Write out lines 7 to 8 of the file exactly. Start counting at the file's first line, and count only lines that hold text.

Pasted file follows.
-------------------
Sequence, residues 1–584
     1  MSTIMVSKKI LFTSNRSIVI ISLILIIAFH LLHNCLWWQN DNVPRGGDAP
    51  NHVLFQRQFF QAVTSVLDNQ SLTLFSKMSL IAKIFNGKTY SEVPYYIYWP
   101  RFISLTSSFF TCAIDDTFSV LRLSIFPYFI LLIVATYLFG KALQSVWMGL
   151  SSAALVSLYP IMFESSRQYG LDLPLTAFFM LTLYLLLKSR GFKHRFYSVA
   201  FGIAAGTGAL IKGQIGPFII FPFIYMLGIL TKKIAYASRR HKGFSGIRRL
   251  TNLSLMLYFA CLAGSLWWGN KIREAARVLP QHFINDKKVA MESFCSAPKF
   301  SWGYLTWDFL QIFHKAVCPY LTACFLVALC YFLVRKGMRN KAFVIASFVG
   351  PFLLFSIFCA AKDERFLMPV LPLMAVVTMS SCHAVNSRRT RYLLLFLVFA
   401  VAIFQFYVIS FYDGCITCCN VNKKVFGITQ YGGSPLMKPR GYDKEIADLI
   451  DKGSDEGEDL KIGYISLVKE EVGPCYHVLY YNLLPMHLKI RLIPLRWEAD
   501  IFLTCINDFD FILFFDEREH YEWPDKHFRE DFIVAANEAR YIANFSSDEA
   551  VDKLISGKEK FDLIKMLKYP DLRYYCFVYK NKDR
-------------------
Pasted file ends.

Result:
   251  TNLSLMLYFA CLAGSLWWGN KIREAARVLP QHFINDKKVA MESFCSAPKF
   301  SWGYLTWDFL QIFHKAVCPY LTACFLVALC YFLVRKGMRN KAFVIASFVG